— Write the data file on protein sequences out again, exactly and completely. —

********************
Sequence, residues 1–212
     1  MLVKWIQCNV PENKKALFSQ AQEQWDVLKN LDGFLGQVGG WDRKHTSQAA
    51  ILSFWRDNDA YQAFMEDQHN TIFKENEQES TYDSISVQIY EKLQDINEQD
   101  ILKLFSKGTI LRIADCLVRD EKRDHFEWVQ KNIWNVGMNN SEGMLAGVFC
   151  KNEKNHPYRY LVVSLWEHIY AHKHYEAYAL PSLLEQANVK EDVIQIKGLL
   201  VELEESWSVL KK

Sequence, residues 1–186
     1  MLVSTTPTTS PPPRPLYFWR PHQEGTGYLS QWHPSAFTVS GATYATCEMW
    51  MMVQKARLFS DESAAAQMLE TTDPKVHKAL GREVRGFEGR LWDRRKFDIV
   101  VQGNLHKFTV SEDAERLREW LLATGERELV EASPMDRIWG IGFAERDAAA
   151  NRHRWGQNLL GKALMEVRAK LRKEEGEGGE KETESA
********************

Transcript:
Sequence, residues 1–212
     1  MLVKWIQCNV PENKKALFSQ AQEQWDVLKN LDGFLGQVGG WDRKHTSQAA
    51  ILSFWRDNDA YQAFMEDQHN TIFKENEQES TYDSISVQIY EKLQDINEQD
   101  ILKLFSKGTI LRIADCLVRD EKRDHFEWVQ KNIWNVGMNN SEGMLAGVFC
   151  KNEKNHPYRY LVVSLWEHIY AHKHYEAYAL PSLLEQANVK EDVIQIKGLL
   201  VELEESWSVL KK

Sequence, residues 1–186
     1  MLVSTTPTTS PPPRPLYFWR PHQEGTGYLS QWHPSAFTVS GATYATCEMW
    51  MMVQKARLFS DESAAAQMLE TTDPKVHKAL GREVRGFEGR LWDRRKFDIV
   101  VQGNLHKFTV SEDAERLREW LLATGERELV EASPMDRIWG IGFAERDAAA
   151  NRHRWGQNLL GKALMEVRAK LRKEEGEGGE KETESA